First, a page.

Const Qualifiers and You


Note: As with all things regarding scope, Const qualifiers may be a bit difficult to understand. You should have a thorough understanding of variable scope before attempting to understand Const qualfiers.

Also note my cliche title, which I chose because of it's clicheness.

What the heck are Const qualifiers? Const qualifiers are a feature recently added to the language (fbc 0.18.3); they're a standard part of C++ and now they exist in FreeBasic too. Const qualifiers are yet another form of protection - they allow some "variables" to act like constants to certain parts of your program, in other words some parts of the program are allowed to access (read) them but not modify them. Just another kind of type safety, really, but an extremely useful one. In particular, they are very useful in OO situations, but you can probably benefit from them to some degree even if you aren't interested in OOP.

The Const qualifier in FreeBasic is essentially an extension to data type declarations, and they may be used with Dim, UDT members, and procedure parameters. Generally you put it right after the "As" part of the variables's data type declaration:

Dim As Const Integer my_const_int = 5


(By the way, throughout this tutorial I use only Integers and Integer Ptrs as examples - however, Const qualifiers should work the same way with all other variable types, including Types, Enums, and anything else that declares something. If for any reason it doesn't, it's probably a bug and you should report it.)

Note in this case we are allowed to change it once - when we create it. But after that, you may not change it any more. In fact, you must initialize it - the compiler will give an error if you don't (interestingly, you are allowed to set it equal to "Any", in which the contents are not guaranteed and could be anything). But you may not do anything that modifies it after that. It will actually give you an error if, for example, you try to do something like this:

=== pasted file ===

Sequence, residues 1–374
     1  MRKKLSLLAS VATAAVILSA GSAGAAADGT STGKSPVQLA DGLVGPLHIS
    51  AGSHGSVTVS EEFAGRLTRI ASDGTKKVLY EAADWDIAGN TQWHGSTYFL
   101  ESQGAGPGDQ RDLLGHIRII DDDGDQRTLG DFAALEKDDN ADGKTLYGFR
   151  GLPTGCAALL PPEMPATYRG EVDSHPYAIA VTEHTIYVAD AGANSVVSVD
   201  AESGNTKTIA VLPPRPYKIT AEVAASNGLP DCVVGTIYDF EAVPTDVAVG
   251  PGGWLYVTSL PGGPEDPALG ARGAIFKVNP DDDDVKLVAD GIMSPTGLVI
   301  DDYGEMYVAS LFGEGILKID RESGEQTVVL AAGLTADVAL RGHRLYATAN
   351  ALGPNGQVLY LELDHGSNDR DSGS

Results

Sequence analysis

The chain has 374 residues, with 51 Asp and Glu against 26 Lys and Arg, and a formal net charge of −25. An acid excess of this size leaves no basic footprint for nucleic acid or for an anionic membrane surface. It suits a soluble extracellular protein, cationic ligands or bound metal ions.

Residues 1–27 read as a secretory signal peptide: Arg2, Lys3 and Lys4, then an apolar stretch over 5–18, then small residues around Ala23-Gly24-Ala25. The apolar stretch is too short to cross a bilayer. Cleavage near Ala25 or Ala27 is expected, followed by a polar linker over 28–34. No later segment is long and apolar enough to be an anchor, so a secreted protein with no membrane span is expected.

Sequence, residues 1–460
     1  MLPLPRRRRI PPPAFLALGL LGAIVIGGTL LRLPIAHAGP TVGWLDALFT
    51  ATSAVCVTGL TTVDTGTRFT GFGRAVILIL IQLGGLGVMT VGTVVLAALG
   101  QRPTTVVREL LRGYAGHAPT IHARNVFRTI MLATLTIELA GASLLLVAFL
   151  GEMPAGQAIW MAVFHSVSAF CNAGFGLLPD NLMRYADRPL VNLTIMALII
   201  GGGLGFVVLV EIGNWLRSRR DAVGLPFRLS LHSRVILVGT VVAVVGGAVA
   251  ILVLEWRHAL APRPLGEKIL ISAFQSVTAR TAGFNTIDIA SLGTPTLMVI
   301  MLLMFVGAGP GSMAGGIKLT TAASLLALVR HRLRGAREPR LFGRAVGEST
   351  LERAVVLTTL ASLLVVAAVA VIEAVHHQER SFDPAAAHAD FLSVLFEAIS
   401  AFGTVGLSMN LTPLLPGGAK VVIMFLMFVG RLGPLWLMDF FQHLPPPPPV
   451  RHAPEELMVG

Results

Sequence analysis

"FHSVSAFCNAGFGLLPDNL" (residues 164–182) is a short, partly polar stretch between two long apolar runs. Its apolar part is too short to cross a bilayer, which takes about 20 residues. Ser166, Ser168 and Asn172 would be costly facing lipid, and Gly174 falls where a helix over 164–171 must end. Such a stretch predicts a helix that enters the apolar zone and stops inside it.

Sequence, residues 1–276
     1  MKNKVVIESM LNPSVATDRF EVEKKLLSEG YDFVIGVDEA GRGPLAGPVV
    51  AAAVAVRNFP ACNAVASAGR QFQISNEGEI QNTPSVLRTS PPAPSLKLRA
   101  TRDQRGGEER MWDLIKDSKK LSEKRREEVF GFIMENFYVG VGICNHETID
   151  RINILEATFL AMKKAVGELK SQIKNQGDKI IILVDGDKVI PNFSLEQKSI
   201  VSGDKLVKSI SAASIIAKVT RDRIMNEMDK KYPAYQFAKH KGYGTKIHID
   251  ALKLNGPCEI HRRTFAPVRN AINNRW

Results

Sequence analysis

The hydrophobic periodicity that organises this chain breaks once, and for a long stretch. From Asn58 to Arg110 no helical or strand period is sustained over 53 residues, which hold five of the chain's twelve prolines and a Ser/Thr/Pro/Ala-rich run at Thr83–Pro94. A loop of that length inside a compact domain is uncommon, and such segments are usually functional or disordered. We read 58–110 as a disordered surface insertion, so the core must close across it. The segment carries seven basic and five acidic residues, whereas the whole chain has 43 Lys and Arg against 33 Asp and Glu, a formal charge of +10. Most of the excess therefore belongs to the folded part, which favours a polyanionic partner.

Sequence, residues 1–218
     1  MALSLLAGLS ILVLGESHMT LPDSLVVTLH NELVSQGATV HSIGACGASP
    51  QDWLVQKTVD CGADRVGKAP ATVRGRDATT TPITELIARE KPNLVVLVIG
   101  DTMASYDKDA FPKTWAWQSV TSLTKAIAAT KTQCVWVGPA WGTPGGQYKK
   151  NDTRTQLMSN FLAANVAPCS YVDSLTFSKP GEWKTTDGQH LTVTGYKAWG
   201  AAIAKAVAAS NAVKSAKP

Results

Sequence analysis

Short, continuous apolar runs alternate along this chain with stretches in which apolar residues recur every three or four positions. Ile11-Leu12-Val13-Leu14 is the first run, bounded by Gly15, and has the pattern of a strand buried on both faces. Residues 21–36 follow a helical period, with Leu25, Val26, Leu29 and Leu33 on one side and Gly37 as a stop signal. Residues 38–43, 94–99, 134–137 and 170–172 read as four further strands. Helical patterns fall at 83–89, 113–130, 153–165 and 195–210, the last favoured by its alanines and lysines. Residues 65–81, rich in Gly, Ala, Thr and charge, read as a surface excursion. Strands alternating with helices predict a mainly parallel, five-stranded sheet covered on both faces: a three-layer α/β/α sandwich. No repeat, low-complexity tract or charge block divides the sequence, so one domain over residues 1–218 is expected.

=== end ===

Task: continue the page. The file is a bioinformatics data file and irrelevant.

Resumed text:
my_const_int = 3


Yet, since this doesn't change the variable any, you can do

Print my_const_int


Now this is all very good, but it doesn't seem much different from the normal usage of Const. That is, the following two lines so far seem to mean, for all practical purposes, the same thing:

Dim As Const Integer my_const_int = 5
Const my_int As Integer = 5


Do they? Not quite. You see, the Const qualifier allows you to create consts that act as variables except that they can't be modified. That means you can put them inside Types and other places. What's more, you can put them inside Sub/Function declarations - and this is a very key reason for their existence:

Sub my_sub (some_num As Integer)
End Sub


Normally functions are allowed to modify the variables you send to them. Of course, whether they modify the original variable or just a local copy of the variable depends on whether you use ByVal or ByRef (and of course pointers is a whole different things altogether), but they normally are allowed to modify a variable. This may be undesirable, for whatever reason, and the Const qualifier exists to prevent that. In the function given above, some_num can be modified by the function. Normally it would only be a local copy that is modified, which is fine, since it won't affect the original Const Integer, but what if we declare the function like this?

Sub my_sub (ByRef some_num As Integer)
End Sub


Now my_sub has direct access to whatever variable you pass to it, and for that reason you are not allowed to do this sort of thing

my_sub(my_const_int)


Why? Simply because the function may modify the variable. We don't know for sure that it will, of course, but it might, so we can't do that. In fact, the error you'll get if you try to compile that is "Invalid assignment/conversion." It's almost as if the Const Integer is a different variable type, but only when it's ByRef. In that case, it would act like trying to pass a string to an integer argument (or vice-versa). Yet if it's not passed ByRef, we don't have a problem, since there's no way the function can possibly modify the variable!

And of course, if we did something like this:

Sub my_sub (ByRef some_num As Const Integer)
End Sub


Then it compiles just fine, but if you try to do the following within the function, you get an error:

some_num = 3